Visit by specialised agency to audit SA's marine operations is a huge milestone |Chikunga.
By Lehlohonolo Lehana.
Minister of Transport Sindisiwe Chikunga has officially welcomed the International Maritime Organisation audit team.
The team is in the country to conduct a mandatory audit under the IMO's Member State Audit Scheme (IMSAS).
Speaking at Monday's opening meeting in Cape Town, Chikunga described the gathering as a milestone as the country forges ahead with upholding international standards and compliance in maritime operations.
The International Maritime Organisation, which South Africa became a member of in 1995, is a specialised agency of the United Nations (UN) responsible for regulating and promoting responsible shipping on a global scale.
South Africa's participation in the IMO, enables the country to contribute to the development of international maritime policies and standards, mainly related to maritime safety, pollution prevention and the welfare of seafarers.
"South Africa also benefits from IMO initiatives that support capacity building, technical assistance and development in the maritime sector."
The IMO's audit scheme has created a regulatory framework for the shipping industry that is fair and effective, universally adopted and implemented. It also promotes a safe and secure environment and efficient and sustainable shipping.
During this audit, the Minister said key areas will be scrutinised, ranging from ship safety and security to environmental protection measures.
"South Africa's focus is on fostering compliance with the international maritime conventions and how it meets those obligations, ensuring that our practices align with global standards set by [the] IMO."
South Africa has since reviewed the Comprehensive Maritime Transport Policy, while some key pieces of legislation are under review and will soon be enacted.
These include the Merchant Shipping Act, the Marine Pollution Bill and the Oil Pollution Preparedness Response and Cooperation Bill.
The Minister believes that the legislative process is critical to giving full effect to the convention by accelerating adoption, incorporation into national laws, and development of regulations to mainstream implementation and enforcement of IMO instruments in South African territorial waters.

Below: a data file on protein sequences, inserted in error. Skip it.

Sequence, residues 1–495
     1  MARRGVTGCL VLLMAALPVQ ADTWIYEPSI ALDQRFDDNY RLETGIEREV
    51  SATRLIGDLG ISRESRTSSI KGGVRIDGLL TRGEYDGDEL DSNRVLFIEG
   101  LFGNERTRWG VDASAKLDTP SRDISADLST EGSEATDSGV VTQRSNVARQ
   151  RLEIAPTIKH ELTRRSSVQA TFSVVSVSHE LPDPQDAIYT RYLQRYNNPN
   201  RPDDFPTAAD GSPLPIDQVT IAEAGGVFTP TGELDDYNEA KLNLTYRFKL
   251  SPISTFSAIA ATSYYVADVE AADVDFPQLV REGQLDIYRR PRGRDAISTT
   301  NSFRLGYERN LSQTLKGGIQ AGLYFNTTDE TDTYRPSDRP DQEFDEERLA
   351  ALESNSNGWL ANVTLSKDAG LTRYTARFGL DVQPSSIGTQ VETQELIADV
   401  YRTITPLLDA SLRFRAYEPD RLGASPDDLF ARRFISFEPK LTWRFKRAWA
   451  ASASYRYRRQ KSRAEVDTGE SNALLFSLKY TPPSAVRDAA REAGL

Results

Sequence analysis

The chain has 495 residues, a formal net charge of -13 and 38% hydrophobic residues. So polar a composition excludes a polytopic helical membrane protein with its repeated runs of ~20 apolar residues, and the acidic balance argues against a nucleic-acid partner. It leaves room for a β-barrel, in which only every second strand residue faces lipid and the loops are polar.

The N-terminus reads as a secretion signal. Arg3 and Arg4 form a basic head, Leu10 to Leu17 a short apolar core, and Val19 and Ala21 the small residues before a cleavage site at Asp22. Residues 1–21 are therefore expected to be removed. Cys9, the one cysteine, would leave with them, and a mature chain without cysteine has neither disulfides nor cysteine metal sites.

The commencement of the IMSAS audit comes after it was postponed due to the aftermath impact of the COVID-19 pandemic in 2021. The audit will begin with preparatory work by all entities with the mandate on maritime policy, legislation and operations.
"A pre-audit questionnaire and an exercise were completed to collect and verify documents and all that is left is for the auditors to satisfy themselves on the audit requirements and completeness of South Africa's compliance to international rules and standards."
This will be followed by a preliminary audit outcome report, expected to be submitted at the end of the week-long undertaking.
The team will audit the Department of Transport and its implementing agency and the maritime administration, South African Maritime Safety Authority (SAMSA.
They will also assess the Maritime Rescue Coordination Centre supported by Telkom on radio communications, Transnet National Ports Authority, the Department of Fisheries, Forestry and Environment, the South African Weather Services and the South African Navy Hydrography Office.